Find out about the many techniques and tools you can use, if you are blind or have sight loss, to make your everyday life easier, from use of lighting and traditional hand-held devices to more high-tech solutions.
On this page, we’ll going to cover:
- Magnifiers .
- Wearable technology: smart glasses, head-mounted cameras and visors.
- Accessibility: Windows and Apple operating systems.
- Screen readers.
- Easier-to-use keyboards.
- Typing without keyboards.
- Braille: computers, fonts, translation software and refreshable braille displays.
How Sense can help
We offer free and impartial information about living with complex disabilities, including deafblindness.
If you have vision impairment, the way you light your home and workplace can improve things greatly and help you to live more independently.
So, think about the areas you use most and how best to light them:
- Keep windows clear of plants.
- Use blinds to control the direction of light and strong sunlight.
- Arrange your seating to make the best of natural light from windows.
- Use shades and dimmers switches to reduce glare.
- Use daylight bulbs in rooms with less natural light. You can use these for specific areas of a room.
- Use timers to light certain areas automatically at specific times, e.g. set your bedroom light to switch on ten minutes before you go to bed, or your hallway and living room lights for ten minutes before you get home.
- If you are less mobile, you can use a remote control, your smartphone or other smart home devices to control your lighting.
- Avoid shiny, high-gloss kitchen units or other furniture, as light can bounce off these and distract you.
Use task lights, such as adjustable lamps, for activities such as reading and writing.
The best position for an adjustable lamp is below your eye level, between you and what you want to look at.
This reduces the amount of glare you experience when doing close work. It also makes tasks such as reading less tiring.
Also, ideally, you want to be able to adjust the lamp to any height, and move the head freely, sideways and up and down.
Magnifiers are helpful if you have low vision, because they simply make things bigger.
Depending on what you need, there are a number of types on the market:
- Handheld magnifiers – fairly cheap, easy to carry in a pocket or bag, and handy for reading labels, menus or short letters.
- Illuminated hand magnifiers.
- Handsfree magnifiers – wearable, like glasses.
- Electronic magnifiers – with video screens.
- Stand magnifiers – useful for larger blocks of text, documents or anything you need to look at for a long time.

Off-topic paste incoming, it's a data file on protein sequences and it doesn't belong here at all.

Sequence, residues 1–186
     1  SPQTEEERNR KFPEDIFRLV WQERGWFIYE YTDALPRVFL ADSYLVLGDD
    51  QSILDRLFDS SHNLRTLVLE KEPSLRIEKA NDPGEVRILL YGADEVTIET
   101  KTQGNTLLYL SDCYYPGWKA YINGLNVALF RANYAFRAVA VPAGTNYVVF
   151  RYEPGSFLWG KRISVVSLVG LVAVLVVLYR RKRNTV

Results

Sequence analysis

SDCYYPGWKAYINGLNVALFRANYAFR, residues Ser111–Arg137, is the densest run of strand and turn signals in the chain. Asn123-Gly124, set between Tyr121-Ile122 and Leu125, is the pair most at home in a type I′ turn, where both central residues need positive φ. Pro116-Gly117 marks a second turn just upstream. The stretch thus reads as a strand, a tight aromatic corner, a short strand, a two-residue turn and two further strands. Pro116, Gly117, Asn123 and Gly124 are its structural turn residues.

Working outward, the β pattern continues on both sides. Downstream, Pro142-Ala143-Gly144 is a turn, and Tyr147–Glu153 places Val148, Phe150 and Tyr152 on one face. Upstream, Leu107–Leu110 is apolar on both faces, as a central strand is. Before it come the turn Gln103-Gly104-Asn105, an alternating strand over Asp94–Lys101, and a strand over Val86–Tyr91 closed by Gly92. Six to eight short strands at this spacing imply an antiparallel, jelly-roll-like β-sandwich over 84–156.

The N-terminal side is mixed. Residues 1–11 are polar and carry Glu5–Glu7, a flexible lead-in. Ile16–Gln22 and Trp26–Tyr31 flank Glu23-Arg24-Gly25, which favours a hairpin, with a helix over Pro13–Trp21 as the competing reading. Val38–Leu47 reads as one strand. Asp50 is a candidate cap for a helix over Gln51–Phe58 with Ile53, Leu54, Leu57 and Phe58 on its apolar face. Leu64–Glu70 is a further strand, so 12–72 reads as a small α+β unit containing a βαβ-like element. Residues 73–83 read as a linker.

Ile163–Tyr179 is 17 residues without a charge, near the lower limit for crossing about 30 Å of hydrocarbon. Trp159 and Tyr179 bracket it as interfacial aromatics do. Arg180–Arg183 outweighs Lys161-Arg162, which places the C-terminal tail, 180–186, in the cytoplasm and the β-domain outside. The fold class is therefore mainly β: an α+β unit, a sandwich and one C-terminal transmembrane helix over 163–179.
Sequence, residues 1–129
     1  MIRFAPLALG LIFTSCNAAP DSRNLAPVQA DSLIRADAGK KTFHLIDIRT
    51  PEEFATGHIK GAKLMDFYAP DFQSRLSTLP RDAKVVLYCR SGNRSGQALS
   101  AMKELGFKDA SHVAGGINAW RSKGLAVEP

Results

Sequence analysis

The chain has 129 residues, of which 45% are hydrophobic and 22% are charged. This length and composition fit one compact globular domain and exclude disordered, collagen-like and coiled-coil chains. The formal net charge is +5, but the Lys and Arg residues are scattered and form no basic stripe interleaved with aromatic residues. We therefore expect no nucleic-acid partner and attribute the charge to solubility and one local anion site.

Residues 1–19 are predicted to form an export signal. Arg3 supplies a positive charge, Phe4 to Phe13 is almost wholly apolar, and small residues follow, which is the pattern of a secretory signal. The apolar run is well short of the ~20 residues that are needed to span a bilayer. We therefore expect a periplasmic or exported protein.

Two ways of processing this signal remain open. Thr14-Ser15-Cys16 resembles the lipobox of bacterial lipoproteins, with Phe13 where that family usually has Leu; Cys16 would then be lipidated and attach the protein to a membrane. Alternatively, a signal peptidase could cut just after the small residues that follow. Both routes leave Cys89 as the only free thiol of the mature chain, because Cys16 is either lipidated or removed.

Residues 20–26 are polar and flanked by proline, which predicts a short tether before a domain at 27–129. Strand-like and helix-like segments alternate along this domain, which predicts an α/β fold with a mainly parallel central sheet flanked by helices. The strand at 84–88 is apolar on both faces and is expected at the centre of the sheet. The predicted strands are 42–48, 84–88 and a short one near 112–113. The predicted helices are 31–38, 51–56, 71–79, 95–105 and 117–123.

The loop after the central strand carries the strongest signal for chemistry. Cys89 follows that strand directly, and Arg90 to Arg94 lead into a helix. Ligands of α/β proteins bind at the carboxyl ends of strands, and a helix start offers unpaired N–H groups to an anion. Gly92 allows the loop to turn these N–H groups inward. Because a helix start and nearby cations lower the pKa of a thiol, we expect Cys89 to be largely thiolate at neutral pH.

- Illuminated stand magnifiers.
- Line magnifiers – these have a coloured line across them to help you to scan text more easily and are good for longer pieces of text.
- Folding magnifiers – small and easily carried around.
- Bar and brightfield magnifiers – provide magnification and a large visual field.
- Technical magnifiers – for close extended tasks, such as quality control or hobbies such as viewing stamps, coins or insects.
- Mini telescope (monocular magnifier) – can be focused on objects, in some cases as close as 1m and beyond as far as needed.
- Compact binoculars – these can be useful if you’re partially sighted with useable sight in both eyes.
You can also use:
- Smartphones’ built-in magnification – for occasional use only.
- Screen reader – also, occasionally, you can use your smartphone to take a photo of some text and use a screen reader to read it.
Top tips for using magnifiers:
- One magnifier cannot solve all your problems: you may need a hand magnifier when you’re out and about, and a stand magnifier at home.
- The higher the magnification, the smaller the lens, so the closer you need to hold it to your eye.
- If you hold a magnifier too far away from your eye, the image will be upside down.
- If you can, shine a lamp directly onto what you are looking at.
- Hold the magnifier close to your eye and bring what you want to see up to the magnifier.
- Magnifiers usually work best with spectacles:
- For close work, use your reading spectacles.
- For distance, use your distance spectacles.
- If you use a magnifier to make print bigger you can often only see one or two words or letters at a time. To keep your place:
- Use your finger to mark each line.
- As you finish a line, return your finger to the beginning of the line and then drop it down to the next line.
- If it’s easier, move the book or page from side to side, not the magnifier.
- When reading in a chair, put your book or newspaper on a clipboard to keep the page flat and still. Use a cushion or tray for support.
- Keep your magnifier clean with the lens cloth provided.
- If your eyes get tired, take a break and start again later.
Get a low-vision assessment first
Before you choose or buy a magnifier of any kind, you should have a professional low-vision assessment.
You can get a free NHS assessment through your local hospital eye clinic. Speak first to your GP, optometrist or ophthalmologist for a referral for an appointment.
At the assessment, a qualified low-vision practitioner will check your vision and decide whether low-vision aids such as magnifiers are right for you.
If they do recommended a magnifier, or magnifiers, you can get them free of charge on the NHS.
They may recommend different magnifiers for different tasks. Always follow their advice.
Magnifiers can be difficult to use at first, so low-vision professionals will help you to get the best out of the equipment they prescribe.
If you have problems using any of your magnifiers, get in touch with your GP, optometrist or ophthalmologist.
Many different types of smart glasses, head-mounted cameras and visors are now available.
Cyber Eyez and Vuzix M400
This smart glasses app for blind and partially sighted people works on devices like the Vuzix M400 smart glasses.
Find out more about Vuzix M400.
NuEyes Pro glasses
These lightweight, wireless smart glasses have a magnification range from 1x to 12x, and are suitable for distance and near viewing.
Find out more about NueEyes Pro at VisionAid.
This voice-activated device attaches to almost glasses. It can instantly read to you text from a book, smartphone screen or any other surface, and recognise faces.
For people with mild low vision, this hand-held device with a smart camera reads text from any printed surface or digital screen.
These smart glasses can help if you have central vision loss or peripheral vision loss.
The first-ever, all-in-one wearable smart device for low vision.
This visor-style headset has a very modern design, and is light and comfortable to wear for long periods. It can connect to a TV, computer or a games console.
SightPlus™ is a headset for people with untreatable sight loss.
Accessibility: Windows and Apple operating systems
If you are blind or have sight loss, Windows and Apple operating systems now have accessibility features on a wide range of devices such as computers, tablets, smartphones and more.